Key findings The study findings suggest that the designation of a NE as a NE is dependent on the individual/type of NE and that NEs were reportedly rare. Although GPs were more likely to disagree with the NE label for the more frequently occurring NEs, this was not in proportion to their increased frequency of occurrence. Most GPs remained unconvinced that the risk can be eliminated for any of the NEs. GPs do, however, seem to take the actual and potential occurrence of such events seriously given that 99% stated an intention to undertake a significant event analysis after a NE. Opinions varied widely with some GPs commenting that the risk of serious harm was extremely low, whereas other GPs suggested that the NE should be more stringent. Some GPs felt that the NE description was placing a burden of responsibility on them that was not intended by the description of the NE; for example, that they should be responsible for the actions of a laboratory or the ambulance service. There were differences in opinion about the level of responsibility a GP should take for the actions of non-medical staff.
  9. News Article
    A young woman was left with a retained foreign object, after surgery in an India hospital. A checklist could have avoided her death. The response from the health officials was: “We have issued a show-cause notice to the staff seeking an explanation. We will initiate departmental action based on their replies and finding of our inquiry.” In the fields of healthcare quality and patient safety, such punitive measures of “naming and shaming” have not worked. T.S. Ravikumar, President, AIIMS Mangalagiri, Andhra Pradesh, moved back to India eight years ago with the key motive to improve accountability and safety in healthcare delivery. He believes that we have a long way to go in reducing “preventable harm” in hospitals and the health system in general. "We need to move away from fixing blame, to creating a 'blame-free culture' in healthcare, yet, with accountability. This requires both systems design for safe care and human factors engineering for slips and violations". "Providing safe care without harm is a 'team sport', and we need to work as teams and not in silos, with mutual respect and ability to speak up where we observe any deviation or non-compliance with rules, says Ravikumar. Basic quality tools and root-cause analysis for adverse events must become routine. Weekly mortality/morbidity conferences are routine in many countries, but not a routine learning tool in India. He proposes acceleration of the recent initiative of the DGHS of the Government of India to implement a National Patient Safety Framework, and set up an analytical “never events” or sentinel events reporting structure. Read full story Source: The Hindu, 12 January 2020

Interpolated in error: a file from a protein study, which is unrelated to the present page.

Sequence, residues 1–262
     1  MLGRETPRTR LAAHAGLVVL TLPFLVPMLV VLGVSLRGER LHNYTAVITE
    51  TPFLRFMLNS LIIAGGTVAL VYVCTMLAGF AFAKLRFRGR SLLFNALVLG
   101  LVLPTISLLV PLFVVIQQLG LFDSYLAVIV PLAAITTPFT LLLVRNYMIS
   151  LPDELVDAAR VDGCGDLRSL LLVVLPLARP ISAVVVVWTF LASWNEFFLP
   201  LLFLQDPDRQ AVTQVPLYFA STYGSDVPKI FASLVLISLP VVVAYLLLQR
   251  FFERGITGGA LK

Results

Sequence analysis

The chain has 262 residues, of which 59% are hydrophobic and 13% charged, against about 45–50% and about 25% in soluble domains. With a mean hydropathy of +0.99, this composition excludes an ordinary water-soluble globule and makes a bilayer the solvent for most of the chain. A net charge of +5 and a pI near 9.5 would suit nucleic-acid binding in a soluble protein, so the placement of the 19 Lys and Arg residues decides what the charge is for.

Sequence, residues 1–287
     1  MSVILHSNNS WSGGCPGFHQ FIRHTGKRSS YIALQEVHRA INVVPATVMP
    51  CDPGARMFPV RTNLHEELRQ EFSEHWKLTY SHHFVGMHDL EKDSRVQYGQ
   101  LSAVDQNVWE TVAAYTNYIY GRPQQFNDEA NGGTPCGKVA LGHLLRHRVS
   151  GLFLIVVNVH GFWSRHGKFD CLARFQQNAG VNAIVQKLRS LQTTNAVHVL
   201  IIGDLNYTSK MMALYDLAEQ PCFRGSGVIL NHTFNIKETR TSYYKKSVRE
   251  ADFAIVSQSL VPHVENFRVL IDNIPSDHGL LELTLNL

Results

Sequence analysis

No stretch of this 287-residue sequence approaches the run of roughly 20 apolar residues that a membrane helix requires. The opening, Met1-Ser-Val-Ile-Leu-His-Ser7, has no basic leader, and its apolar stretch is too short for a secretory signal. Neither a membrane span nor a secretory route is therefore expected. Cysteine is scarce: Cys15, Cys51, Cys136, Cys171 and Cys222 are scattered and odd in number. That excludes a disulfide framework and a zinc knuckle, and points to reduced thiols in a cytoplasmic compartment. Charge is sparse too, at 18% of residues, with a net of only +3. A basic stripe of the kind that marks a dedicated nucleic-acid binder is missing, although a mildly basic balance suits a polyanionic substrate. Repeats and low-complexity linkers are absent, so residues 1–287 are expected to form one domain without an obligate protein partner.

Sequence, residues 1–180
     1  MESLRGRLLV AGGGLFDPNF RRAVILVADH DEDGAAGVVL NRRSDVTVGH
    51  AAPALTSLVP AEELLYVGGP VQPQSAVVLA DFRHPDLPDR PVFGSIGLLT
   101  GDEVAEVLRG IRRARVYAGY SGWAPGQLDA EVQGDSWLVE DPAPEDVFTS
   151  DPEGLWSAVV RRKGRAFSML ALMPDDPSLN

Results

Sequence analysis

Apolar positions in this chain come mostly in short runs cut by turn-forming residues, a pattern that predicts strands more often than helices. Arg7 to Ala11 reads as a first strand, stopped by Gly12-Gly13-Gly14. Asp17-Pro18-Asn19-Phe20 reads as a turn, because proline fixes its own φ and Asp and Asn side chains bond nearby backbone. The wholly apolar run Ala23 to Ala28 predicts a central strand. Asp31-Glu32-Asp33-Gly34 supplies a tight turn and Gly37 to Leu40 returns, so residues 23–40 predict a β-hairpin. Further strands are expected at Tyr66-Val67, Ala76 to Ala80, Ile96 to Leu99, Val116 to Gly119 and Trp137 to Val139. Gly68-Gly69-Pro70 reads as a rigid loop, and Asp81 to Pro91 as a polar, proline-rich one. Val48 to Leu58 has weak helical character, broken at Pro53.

10. Content Article
    The study achieved its aim of beginning a consensus building process to develop and validate a preliminary list of candidate never events for primary care dentistry. Consensus was achieved on a list of nine candidate never events covering a range of potentially serious system wide issues, most of which relate to patient safety checking procedures. At the time of publication, this was one of a small number of dental studies with an explicit focus in terms of developing a tool to help improve patient safety related work practices and performance in this setting, potentially reducing risks to practitioners and practices alike.
  11. Content Article
    For fires to occur, heat, fuel and oxygen must be present. Oxygen was a factor in half of the surgical fire cases reviewed, usually when the concentration of oxygen being delivered for ventilation wasn’t reduced sufficiently during electro- or laser surgery on the head, neck or upper chest. Most of the burns that weren’t caused by fire involved heat from equipment. These cases included surgeons using the wrong device or settings, as well as issues with the maintenance, malfunction or positioning of devices. Cases involving fuel were usually caused by the unsafe use of alcohol-based antiseptics, including allowing it to pool under patients, using the wrong concentration, or failing to let it dry before placing drapes. To reduce the risk of fires and burns, CMPA recommends that surgical teams “identify, separate and manage the elements of the fire triangle” before procedures. This involves ensuring that “ignition sources should not come into contact with fuels, and oxygen should be reduced to the minimum required concentration.” The association also recommends that surgical teams ensure that antiseptic has time to dry and doesn’t pool, follow device instructions, and run simulations to practice responding to fires.